Do you recognize this writer?
It's HP Lovecraft.
In the fantastic Lovecraft Remembered (Arkham House, '98) ...
... those who knew the man (Neighbors, Friends, Confidantes, Colleagues, Critics & Fans) reflect on every aspect of his work and persona. It's like a warm wake of one fondly remembered and treasured, a mind-boggling collection of rich words and wonders.
I unearthed this tome in a dusty, under-the-stairs book nook in San Francisco. It took my breath and hooked my imagination. The bookshop no longer exists.
Why, then, do I insist on visiting the building it once occupied whenever I have business or pleasure in the City on the Bay?
I don't know. Not for sure, anyway. But I think it has something to do with HP himself. Like no other dead writer, his spirit lingers like a welcome, purple bruise on the flesh of dark literature . At least for me, anyway. This book is a solid extension of the man, and a literary autopsy of a rich, troubled inner life that paralleled some of my own, and that of many other devotees, too, I'm sure.
There's a good reason why we all find ourselves bobbing in the same boat.
Upon hearing of HP's passing, the great Robert Bloch penned the following:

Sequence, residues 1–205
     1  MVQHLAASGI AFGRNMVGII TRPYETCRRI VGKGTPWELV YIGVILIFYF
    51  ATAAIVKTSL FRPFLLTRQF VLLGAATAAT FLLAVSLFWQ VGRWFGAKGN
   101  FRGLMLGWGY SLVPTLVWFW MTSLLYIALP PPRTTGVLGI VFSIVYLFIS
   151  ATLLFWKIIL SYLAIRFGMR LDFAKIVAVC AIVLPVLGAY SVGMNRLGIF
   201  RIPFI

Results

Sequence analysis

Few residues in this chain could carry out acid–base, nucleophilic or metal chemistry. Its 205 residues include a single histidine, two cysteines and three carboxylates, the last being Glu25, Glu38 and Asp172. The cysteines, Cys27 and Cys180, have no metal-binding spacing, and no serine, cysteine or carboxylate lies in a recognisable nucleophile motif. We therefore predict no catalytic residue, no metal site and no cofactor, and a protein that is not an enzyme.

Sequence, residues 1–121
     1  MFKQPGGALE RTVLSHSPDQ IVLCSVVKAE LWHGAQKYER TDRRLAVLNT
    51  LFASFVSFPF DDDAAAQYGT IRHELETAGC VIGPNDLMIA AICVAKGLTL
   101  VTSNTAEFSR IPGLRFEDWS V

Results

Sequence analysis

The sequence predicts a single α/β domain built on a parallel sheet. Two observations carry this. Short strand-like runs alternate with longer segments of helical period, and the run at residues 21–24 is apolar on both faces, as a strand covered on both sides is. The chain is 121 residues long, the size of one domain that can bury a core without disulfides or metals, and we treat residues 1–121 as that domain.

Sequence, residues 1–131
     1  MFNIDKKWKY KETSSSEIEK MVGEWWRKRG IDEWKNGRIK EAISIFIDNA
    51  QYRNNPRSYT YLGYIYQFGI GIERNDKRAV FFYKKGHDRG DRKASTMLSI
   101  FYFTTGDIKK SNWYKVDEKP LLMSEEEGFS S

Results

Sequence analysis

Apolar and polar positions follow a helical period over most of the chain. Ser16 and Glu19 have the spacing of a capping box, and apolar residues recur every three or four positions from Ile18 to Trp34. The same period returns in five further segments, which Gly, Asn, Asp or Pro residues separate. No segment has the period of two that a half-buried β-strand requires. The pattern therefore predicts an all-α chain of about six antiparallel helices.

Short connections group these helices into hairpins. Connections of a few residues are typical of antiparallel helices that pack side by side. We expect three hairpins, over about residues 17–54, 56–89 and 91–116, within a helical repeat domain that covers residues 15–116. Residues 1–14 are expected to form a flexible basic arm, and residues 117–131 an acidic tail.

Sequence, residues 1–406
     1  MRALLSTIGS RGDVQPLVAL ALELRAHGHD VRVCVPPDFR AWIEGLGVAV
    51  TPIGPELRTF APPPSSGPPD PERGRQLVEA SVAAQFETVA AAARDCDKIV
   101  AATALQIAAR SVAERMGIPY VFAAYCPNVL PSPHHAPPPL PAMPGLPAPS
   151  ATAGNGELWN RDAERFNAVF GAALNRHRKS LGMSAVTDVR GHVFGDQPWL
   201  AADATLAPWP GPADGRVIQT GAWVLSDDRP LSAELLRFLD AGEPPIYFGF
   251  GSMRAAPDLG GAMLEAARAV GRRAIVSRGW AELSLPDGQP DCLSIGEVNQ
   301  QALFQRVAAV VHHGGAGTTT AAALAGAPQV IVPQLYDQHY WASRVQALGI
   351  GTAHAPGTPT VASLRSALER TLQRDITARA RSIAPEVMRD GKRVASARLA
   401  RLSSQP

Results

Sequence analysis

HP bruised Mr. Bloch, too.
Whenever I travel, even if I know there will be little time for reading, I take this book with me. Keeping it close maintains some kind of connection. A part of me clearly needs to be connected to HP. To his world. To his spirit of dedication to the word. To his creations.
This piece from August Derleth, who championed the writer like no other, raises the subject of HP's mother, and her obsession with her son's "awful" appearance.
Derleth expands on Mrs. Lovecraft's belief that her son was "hideous", giving us extraordinary insight into Lovecraft's upbringing and reclusive demeanor.
In "Lovecraft As I Know Him", HP's wife, Sonia H. Davis, also writes about HP's image of himself, and how the writer's mother molded that image:
Winfield Townley Scott, in the chapter, "His Own Most Fantastic Creation", wrote of the author's work and dietary habits prior to his journey north to the last Mountains of Madness.
Howard Lovecraft, the man who defined "Weird Tales", left a legacy with a tangible presence that is as strong today as it ever was.